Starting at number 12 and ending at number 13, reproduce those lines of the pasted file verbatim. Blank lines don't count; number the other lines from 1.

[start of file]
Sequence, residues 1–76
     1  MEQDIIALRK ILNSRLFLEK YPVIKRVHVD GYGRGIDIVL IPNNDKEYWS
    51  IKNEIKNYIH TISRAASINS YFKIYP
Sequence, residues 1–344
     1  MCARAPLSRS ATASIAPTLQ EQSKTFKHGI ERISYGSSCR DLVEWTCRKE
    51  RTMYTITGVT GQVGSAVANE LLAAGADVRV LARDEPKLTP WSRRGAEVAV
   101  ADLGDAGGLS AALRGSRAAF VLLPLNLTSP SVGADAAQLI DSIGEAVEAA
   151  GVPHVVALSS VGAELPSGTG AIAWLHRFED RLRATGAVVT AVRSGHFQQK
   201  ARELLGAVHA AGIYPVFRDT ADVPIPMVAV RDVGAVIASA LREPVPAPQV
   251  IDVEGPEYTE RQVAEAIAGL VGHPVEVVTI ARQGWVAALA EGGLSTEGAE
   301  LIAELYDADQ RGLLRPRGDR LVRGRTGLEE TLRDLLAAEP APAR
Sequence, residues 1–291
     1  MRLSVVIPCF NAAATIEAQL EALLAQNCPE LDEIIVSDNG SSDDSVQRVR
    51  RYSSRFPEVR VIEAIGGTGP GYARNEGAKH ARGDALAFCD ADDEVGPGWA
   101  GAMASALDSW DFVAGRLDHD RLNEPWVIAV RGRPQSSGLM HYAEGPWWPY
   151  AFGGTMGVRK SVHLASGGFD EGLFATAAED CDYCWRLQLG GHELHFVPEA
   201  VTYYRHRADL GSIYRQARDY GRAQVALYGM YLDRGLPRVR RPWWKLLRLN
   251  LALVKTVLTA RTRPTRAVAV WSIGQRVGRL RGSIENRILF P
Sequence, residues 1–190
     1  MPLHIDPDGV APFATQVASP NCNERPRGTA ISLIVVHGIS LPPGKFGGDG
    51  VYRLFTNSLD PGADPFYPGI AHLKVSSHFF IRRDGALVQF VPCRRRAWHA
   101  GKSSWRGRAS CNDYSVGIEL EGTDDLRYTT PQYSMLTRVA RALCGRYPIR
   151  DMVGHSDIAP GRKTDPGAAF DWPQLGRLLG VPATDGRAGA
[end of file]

Sequence, residues 1–291
     1  MRLSVVIPCF NAAATIEAQL EALLAQNCPE LDEIIVSDNG SSDDSVQRVR